Or if not addicted, at least eager buyers of the brew that keeps this abbey running:
At the Esplanade Bier Markt in downtown Toronto Wednesday, the head of a small Norbertine abbey in Belgium was busy touting the virtues of the strong, dark brew which carries his abbey’s name.
Yet while abbot Erik de Sutter and Father Karel Stautemas of the Grimbergen Abbey were waxing poetic about their beer, they were also enhancing the bottom line of a secular enterprise thousands of kilometres away, in Denmark. You may have heard of Carlsberg.
Carlsberg has held the rights to brew Grimbergen beer since 2008, paying the abbey a licensing fee for use of its name. Carlsberg brews the beer at a brewery an hour away from Grimbergen.
Without the income from Carlsberg — he wouldn’t reveal how much the abbey gets — de Sutter says Grimbergen could literally start crumbling away.
Since secular companies are the ones with the money these days, it makes financial sense for struggling religious orders to try and tap those kegs and nourish their monetary needs.
Partnering with a secular brewery will become more and more common for abbeys, says de Sutter, as the numbers of monks shrink and their ages grow. Even the renowned Trappist breweries such as Chimay or Westmalle may have to rethink how they operate.
“I think they will have to have a conversation over the next few years about what to do,” says de Sutter.
Beyond the stupid ads on television I don’t know much about beer marketing but according to York University marketing professor Alan Middleton, who is quoted in the piece, this type of marketing scheme is unusual in Canada.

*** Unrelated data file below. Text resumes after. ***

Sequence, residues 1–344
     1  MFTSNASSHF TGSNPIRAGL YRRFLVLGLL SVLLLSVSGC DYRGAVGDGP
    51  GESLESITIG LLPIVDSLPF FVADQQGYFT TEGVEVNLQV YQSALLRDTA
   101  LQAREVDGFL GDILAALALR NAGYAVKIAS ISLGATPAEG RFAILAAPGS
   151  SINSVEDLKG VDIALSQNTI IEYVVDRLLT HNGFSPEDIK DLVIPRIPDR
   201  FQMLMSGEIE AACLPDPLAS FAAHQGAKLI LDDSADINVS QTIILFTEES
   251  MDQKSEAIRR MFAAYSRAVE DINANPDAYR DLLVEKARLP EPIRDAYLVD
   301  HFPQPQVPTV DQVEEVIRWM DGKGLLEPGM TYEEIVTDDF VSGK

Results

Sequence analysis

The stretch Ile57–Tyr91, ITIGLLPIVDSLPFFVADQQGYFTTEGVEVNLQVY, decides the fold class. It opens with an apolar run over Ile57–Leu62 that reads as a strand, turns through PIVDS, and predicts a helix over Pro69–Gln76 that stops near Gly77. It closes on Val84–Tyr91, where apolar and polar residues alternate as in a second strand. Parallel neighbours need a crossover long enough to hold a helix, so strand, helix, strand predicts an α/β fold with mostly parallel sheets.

“You can really see things like ‘God blesses this product’ in places like Arkansas,” said Middleton. That type of attitude likely wouldn’t fly here because Canadians, by and large, are less in-your-face about their religion, Middleton says.
Which I see as a good thing. I’d be reluctant to be stuck buying something with that kind of tag on it. Like a god would give a damn about my choice of deodorant or what have you. Celebrity endorsements are bad enough as it is.
I’m not a huge beer drinker but I wonder: do people pick abbey beers because of a religious leaning or because they like the flavour or rarity value? Going by what I’ve seen of those who do appreciate beer more than me, I think it’d be the latter more than the former. Mass produced beers are everywhere. Abbey beers likely aren’t. Secular partnership will give them more exposure at least, and secular cash will let them continue to brew more of what people want. It’s a win-win so far as that goes. That the influx of cash will keep a religious order’s doors open.. well, it’s the only way the beer will get out, isn’t it? The prices we pay…